It makes perfect sense to stock up on fresh produce while it's in season. That's when it's at its best and cheapest, whether you get it at the farm stand or from a supermarket. Of course, once you do that, you've still got to preserve it one way or another. Freezing is the simplest and most versatile option for most produce, and you'll often be advised to blanch your vegetables before you freeze them. That doesn't really apply to fresh fruits, like apples, though you might have another reason to blanch them.
Blanching is a pretty simple process. Basically it just means plunging your fruit or vegetable into boiling water or steam for a brief time: Not long enough to cook it, but just long enough to thoroughly heat its skin or – in the case of greens – to make it wilt. Ideally you'll do this in small batches in a large quantity of water, so the water stays at or very close to a full rolling boil. After just a few seconds for delicate vegetables or up to a few minutes for sturdier ones, you'll lift them from the water with a slotted spoon and transfer them to a bowl of ice water. That second step is called "shocking" the produce, which keeps it from cooking any further.
Zap Those Enzymes
The reason you blanch and shock your fresh produce is rooted in nature. Every food contains enzymes that exist for the sole purpose of breaking it down once it's dead. That's how they turn back into compost to nourish future plants, which in turn nourish herbivores and so on. It's also why meats become tender when they're aged, because those enzymes start breaking down the muscle tissues. Unfortunately, while this is all very natural and necessary, you don't want it to happen to your own food. Blanching your vegetables before you freeze them puts a stop to the enzymes and their work, which means your veggies will last longer in the freezer. With green vegetables, it has the added advantage of enhancing their color.
Don't Do It With Fruit
With apples and other fruits, the situation is a bit different. For one thing, a lot of fruits and berries are delicate, and blanching would take away from their flavor and texture. More important, it's unnecessary. You bring the enzymes in fruit to a relative standstill by tossing them with an acid, like lemon juice or ascorbic acid, or by packing the fruit in a light sugar syrup. Both of these techniques protect a fruit's fresh flavor and keep more of its original texture, even after it's frozen. It's the same technique you use when you're treating sliced apples for a packed lunch or a fruit salad, and it works just as well in the freezer. The only reason you'd occasionally want to blanch apples is to remove their skins.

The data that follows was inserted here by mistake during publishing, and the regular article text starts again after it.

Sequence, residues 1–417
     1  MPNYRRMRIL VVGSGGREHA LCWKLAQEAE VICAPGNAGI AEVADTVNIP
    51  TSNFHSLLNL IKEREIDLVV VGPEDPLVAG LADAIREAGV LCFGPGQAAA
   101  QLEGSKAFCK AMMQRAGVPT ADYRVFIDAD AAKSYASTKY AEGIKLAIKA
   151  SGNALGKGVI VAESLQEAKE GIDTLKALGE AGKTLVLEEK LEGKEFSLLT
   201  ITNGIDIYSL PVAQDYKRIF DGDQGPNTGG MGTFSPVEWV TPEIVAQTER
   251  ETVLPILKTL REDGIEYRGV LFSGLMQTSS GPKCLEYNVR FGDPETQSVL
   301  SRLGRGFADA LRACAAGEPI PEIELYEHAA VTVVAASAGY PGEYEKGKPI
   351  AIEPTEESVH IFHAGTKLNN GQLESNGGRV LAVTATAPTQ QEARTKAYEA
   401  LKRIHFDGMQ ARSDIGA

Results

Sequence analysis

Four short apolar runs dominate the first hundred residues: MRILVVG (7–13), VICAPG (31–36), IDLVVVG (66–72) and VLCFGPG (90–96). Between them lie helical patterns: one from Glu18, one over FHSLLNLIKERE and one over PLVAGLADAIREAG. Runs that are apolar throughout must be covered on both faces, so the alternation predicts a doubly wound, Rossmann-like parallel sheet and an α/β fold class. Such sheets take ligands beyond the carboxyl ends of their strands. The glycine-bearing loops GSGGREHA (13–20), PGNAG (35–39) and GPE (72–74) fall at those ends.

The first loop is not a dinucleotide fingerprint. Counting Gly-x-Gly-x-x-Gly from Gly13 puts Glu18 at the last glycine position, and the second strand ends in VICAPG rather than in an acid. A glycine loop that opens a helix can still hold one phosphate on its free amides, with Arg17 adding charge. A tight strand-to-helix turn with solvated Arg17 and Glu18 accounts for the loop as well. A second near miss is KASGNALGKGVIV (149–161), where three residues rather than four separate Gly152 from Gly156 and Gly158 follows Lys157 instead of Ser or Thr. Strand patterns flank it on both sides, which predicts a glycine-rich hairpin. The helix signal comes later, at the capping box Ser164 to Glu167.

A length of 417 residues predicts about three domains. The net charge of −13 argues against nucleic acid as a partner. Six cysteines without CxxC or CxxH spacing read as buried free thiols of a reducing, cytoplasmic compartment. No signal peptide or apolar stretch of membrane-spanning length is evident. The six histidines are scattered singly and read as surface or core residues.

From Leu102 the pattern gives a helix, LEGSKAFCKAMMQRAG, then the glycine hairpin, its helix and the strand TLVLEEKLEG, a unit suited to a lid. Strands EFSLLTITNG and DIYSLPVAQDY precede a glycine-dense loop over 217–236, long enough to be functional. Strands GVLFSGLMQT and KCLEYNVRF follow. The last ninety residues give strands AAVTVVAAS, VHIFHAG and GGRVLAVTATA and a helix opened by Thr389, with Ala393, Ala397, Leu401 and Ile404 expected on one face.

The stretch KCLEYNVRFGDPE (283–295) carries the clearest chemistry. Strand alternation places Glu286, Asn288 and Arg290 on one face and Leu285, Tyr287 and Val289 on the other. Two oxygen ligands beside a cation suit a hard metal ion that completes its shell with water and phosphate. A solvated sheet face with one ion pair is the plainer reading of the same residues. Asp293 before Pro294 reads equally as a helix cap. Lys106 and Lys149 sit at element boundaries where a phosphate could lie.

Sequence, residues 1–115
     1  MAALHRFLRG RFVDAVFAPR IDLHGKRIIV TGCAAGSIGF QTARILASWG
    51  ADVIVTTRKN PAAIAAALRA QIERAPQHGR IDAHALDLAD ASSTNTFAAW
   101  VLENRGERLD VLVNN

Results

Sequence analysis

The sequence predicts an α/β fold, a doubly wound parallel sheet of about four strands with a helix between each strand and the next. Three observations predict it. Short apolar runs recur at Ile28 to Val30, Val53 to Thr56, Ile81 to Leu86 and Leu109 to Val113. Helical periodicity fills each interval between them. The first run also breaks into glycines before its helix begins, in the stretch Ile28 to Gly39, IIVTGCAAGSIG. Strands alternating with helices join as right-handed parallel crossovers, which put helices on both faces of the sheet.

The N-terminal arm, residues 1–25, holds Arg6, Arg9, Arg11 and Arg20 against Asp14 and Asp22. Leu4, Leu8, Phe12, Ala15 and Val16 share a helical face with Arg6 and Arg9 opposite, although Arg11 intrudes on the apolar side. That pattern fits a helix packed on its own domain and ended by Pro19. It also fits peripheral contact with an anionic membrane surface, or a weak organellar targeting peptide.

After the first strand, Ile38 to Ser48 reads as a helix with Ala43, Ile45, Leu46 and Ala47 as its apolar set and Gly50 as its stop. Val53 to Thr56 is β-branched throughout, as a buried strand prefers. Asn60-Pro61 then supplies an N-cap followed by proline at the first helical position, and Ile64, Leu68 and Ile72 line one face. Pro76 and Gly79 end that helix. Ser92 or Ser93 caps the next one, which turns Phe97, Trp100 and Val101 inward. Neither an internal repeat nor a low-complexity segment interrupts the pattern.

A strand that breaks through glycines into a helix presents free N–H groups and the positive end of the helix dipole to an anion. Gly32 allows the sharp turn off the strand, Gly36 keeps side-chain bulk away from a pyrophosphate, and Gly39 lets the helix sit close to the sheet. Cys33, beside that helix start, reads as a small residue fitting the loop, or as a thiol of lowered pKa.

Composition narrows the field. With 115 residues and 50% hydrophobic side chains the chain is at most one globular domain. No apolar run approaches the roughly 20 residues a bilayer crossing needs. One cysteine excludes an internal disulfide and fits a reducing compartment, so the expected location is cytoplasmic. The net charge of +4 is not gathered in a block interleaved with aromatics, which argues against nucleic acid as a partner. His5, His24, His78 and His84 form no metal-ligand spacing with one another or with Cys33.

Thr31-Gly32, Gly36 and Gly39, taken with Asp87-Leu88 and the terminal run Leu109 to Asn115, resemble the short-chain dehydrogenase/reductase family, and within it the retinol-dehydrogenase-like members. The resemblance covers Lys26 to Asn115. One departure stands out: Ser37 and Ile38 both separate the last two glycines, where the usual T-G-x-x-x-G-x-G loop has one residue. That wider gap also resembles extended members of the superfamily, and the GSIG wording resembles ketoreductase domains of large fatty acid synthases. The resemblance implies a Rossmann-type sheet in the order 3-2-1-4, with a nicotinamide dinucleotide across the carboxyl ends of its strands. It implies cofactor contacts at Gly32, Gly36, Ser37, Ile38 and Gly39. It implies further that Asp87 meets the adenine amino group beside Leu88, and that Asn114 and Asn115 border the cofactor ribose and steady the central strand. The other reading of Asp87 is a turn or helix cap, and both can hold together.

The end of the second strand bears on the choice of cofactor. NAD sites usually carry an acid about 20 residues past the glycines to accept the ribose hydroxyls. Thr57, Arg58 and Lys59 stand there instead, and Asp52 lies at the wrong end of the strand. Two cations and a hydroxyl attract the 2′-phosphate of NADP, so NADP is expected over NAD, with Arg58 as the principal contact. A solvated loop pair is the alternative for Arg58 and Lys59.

Peel Those Skins
It's not difficult to peel an apple, but if you have 10 or 20 pounds to peel, it definitely becomes a chore. Besides, even the best handheld or rotary peeler takes away a layer of apple with it. That's fruit you've paid good money for and won't get to use. For large quantities of apples, it makes sense to blanch them instead. Just plunge the apples a few at a time into boiling water for 30 to 60 seconds, then transfer them to a sink or large bowl filled with ice water. The skins should just slip off when you rub them, though a bit might remain around the stem and blossom ends. Then you can cut up the apples any way you want and use them immediately or pack them for the freezer.
Fred Decker is a trained chef, former restaurateur and prolific freelance writer, with a special interest in all things related to food and nutrition. His work has appeared online on major sites including Livestrong.com, WorkingMother.com and the websites of the Houston Chronicle and San Francisco Chronicle; and offline in Canada's Foodservice & Hospitality magazine and his local daily newspaper. He was educated at Memorial University of Newfoundland and the Northern Alberta Institute of Technology.